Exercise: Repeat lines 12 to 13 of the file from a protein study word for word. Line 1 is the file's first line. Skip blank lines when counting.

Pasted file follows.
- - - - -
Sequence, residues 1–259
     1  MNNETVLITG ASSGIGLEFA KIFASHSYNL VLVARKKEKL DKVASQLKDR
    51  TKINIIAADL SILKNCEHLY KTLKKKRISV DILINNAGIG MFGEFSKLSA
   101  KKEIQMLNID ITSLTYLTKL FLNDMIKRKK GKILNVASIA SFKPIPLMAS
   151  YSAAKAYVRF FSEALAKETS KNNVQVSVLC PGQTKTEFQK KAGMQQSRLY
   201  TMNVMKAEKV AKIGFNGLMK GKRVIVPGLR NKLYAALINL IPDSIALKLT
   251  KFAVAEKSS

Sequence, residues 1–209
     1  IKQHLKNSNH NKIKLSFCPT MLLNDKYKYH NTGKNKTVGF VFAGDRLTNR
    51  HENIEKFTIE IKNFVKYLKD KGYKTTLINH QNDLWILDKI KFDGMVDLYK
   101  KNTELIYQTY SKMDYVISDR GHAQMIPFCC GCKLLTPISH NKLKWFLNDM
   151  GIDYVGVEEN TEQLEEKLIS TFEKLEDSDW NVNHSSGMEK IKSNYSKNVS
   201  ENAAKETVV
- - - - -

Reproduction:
   151  GIDYVGVEEN TEQLEEKLIS TFEKLEDSDW NVNHSSGMEK IKSNYSKNVS
   201  ENAAKETVV